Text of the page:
Diplomatic Bluebook 2015
Japan’s Foreign Policy to Promote National and Worldwide Interests
2.Building an Attractive Country Where People can Live Safely in Peace
(1) Securing a Stable Supply of Energy and Mineral Resources at Reasonable Prices
A. Current situation of energy and mineral resources at home and abroad
(a) Situation in the world
Crude oil prices fluctuated in 2014. Crude oil prices had remained at high levels in recent years, reflecting factors such as increase in energy demand in emerging countries and others, intensifying competition for natural resources, rise of resource nationalism, and changing situations in the Middle East. In the wake of the situation in Iraq in June 2014, the WTI oil benchmark touched a peak level of 107 US dollars per barrel at one point. The price, however, declined from the fall of the year because of various factors such as slowdown in oil demand due to economic stagnation in major countries and the relaxation of supply and demand caused by steady increase in oil production by non-OPEC member states which includes shale oil production by the US. The price dropped below the level of 50 US dollars per barrel in January. While the decline in oil prices bring benefits to energy consuming countries in the short term, it affects the financial conditions or new resource development in oil producing countries. Therefore, it is important to continue to keep a close watch over its medium- and long-term impact on energy security.
(b) Situation in Japan
The share of fossil fuels in Japan’s power generation reached about 90% after the Great East Japan Earthquake, while the number had been a little over 60% before the earthquake. It becomes increasingly important to make efforts to secure stable supply of energy as reasonable prices in a situation where the fuel procurement cost deteriorates the trade balance coupled with the depreciation of the yen. In this context, development of proactive resource-diplomacy and diversification of resource-supplying countries are described in the “Strategic Energy Plan” which was approved in a Cabinet meeting in April, as measures to promote comprehensive policies to secure resources in a stable manner.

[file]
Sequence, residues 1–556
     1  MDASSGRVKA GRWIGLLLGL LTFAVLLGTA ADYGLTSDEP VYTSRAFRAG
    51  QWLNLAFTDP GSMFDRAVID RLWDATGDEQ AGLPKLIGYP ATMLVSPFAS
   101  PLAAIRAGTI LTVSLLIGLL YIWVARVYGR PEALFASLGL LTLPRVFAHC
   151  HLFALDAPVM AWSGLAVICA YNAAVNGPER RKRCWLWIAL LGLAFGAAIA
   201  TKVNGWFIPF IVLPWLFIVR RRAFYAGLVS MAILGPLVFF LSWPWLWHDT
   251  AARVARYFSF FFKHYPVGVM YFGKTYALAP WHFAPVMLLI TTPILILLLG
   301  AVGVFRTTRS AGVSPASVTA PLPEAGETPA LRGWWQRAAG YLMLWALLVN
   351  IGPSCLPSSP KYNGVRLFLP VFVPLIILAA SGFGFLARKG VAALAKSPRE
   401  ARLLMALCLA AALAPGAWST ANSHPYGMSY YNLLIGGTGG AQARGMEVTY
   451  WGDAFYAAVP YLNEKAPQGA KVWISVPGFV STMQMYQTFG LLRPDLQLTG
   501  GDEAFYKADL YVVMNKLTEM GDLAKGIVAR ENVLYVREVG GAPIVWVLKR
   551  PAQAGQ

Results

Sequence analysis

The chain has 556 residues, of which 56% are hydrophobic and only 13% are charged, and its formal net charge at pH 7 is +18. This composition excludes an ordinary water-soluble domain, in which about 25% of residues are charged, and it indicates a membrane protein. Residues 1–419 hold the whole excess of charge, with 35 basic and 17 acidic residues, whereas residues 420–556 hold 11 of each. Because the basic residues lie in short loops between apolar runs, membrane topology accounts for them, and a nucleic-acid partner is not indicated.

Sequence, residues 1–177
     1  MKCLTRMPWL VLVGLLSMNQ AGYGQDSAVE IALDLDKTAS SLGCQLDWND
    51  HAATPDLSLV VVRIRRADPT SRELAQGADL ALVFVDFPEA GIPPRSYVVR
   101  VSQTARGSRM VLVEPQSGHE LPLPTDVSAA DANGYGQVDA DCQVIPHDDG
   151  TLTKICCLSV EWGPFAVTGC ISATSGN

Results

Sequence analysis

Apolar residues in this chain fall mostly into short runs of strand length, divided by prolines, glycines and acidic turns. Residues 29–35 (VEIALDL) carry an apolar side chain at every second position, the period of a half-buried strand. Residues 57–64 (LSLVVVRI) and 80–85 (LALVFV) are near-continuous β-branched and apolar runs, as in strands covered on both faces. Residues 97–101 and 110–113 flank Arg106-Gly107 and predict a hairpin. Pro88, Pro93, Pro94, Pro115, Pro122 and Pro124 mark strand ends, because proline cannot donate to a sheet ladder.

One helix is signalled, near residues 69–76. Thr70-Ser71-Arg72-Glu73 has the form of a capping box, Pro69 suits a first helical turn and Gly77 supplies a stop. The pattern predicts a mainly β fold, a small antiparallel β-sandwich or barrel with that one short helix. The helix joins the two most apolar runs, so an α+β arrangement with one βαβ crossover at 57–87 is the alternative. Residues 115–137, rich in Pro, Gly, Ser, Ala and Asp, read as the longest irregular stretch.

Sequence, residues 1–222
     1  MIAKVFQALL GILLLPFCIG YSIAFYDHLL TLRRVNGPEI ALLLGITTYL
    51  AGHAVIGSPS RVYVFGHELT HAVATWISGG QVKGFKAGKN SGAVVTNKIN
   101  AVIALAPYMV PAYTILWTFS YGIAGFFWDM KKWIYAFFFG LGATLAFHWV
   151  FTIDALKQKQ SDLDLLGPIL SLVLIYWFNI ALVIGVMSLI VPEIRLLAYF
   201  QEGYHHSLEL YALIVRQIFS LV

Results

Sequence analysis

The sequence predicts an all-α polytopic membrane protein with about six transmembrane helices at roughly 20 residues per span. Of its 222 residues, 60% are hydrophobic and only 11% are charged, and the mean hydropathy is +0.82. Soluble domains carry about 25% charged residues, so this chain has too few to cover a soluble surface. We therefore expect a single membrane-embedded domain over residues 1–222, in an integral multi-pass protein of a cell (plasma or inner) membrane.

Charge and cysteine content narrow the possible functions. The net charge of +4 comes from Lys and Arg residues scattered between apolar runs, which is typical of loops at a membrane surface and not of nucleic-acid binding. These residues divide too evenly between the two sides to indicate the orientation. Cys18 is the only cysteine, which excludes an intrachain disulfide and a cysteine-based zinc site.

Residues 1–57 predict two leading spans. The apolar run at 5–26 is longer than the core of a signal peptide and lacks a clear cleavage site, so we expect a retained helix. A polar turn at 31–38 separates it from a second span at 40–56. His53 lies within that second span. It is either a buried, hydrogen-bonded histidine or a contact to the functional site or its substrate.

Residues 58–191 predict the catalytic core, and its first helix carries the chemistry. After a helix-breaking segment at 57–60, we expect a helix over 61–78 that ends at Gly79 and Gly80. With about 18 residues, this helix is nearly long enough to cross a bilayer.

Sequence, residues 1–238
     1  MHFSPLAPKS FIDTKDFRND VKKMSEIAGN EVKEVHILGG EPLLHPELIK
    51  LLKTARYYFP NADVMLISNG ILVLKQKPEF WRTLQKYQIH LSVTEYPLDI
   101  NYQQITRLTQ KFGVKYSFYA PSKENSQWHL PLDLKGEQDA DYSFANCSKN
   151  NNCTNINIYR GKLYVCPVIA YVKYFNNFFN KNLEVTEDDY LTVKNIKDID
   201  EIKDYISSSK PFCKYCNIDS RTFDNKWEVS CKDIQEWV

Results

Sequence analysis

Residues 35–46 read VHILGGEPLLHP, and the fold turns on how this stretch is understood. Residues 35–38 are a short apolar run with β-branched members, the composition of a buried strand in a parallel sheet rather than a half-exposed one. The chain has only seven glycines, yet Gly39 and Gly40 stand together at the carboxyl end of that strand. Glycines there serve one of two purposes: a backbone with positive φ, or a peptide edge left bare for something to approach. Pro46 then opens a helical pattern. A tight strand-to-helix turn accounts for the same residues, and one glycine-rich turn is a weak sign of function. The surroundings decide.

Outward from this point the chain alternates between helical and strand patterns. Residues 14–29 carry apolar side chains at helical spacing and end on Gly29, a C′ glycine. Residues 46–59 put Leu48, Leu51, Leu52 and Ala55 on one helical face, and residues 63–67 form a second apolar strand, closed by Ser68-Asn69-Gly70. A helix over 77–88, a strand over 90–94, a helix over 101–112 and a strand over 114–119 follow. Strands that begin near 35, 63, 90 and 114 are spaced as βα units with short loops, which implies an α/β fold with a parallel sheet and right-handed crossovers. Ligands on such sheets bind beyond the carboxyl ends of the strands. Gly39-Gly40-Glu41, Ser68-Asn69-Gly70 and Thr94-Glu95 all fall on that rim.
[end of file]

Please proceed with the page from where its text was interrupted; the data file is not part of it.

B. Diplomatic efforts to ensure stable supply of energy and mineral resources at reasonable prices
Ensuring a stable supply of energy and mineral resources at reasonable prices forms a foundation for the vital economy of Japan and livelihood of the people. MOFA has been strengthening diplomatic efforts as follows.
(a) Strengthening of comprehensive and mutually-beneficial ties with resource-rich countries
In order to ensure a stable supply of energy and mineral resources, Japan has worked on the strengthening of comprehensive and mutually-beneficial ties with resource-rich countries by working on them at summit level or ministerial level and thorough cooperation utilizing ODA including technical cooperation and human resources development in the area of resources. In particular, since the inauguration of the Abe Administration, Prime Minister Abe, Foreign Minister Kishida and others visited major resource-rich countries in North America, the Middle East and Africa, Latin America and the Caribbean, and the Asia Pacific, and engaged in active resource energy diplomacy. In 2014, for example, Prime Minister Abe visited Africa (Mozambique), the Pacific (Australia, Papua New Guinea, etc.), Latin America and the Caribbean (Chile, Brazil, Mexico, etc.) in addition to the Middle East and Russia, and worked on these countries to seek cooperation in the field of resources.
Furthermore, as an outcome of efforts for the diversification of suppliers by September, the U.S. government approved exports of LNG as well as the construction and operational measures of all the LNG projects in the US in which Japanese companies are involved. The export of US LNG is expected to realize in FY 2016. In addition, LNG import from Papua New Guinea was also initiated from June 2014.
(b) Securing safety of transportation routes
There have been piracy incidents along the sea lanes stretching from the Middle East to Japan, through which approximately 90% of the total oil imports of Japan passes, and other internationally important sea lanes such as those off the coast of Somalia and the Gulf of Aden. With this in mind, Japan has supported the coastal countries such as enhancement of capabilities to police piracy, cooperation on information sharing among nations concerned, and development of navigation facilities. Japan has also been dispatching units of the Japan Self-defense Forces to the areas off the coast of Somalia and the Gulf of Aden to be engaged in escort operations for any country’s commercial ships (see Chapter 3, Section 1, 5(1) “The Oceans and Seas” for details).
(c) Gathering and analysis of resource-related information at the diplomatic missions overseas and others
With a view to strengthening the function of diplomatic missions abroad, “Special Assistants for Natural Resources” are assigned at 55 overseas diplomatic missions in 50 countries who work intensively for acquisition and stable supply of energy and mineral resources. Further, MOFA has held the “Strategic Meeting on Natural Resources” by gathering some officials who are assigned to the diplomatic missions overseas in countries which are important in terms of ensuring a stable supply of energy and mineral resources. There are active discussions over the current situations and future direction of the efforts for securing resources.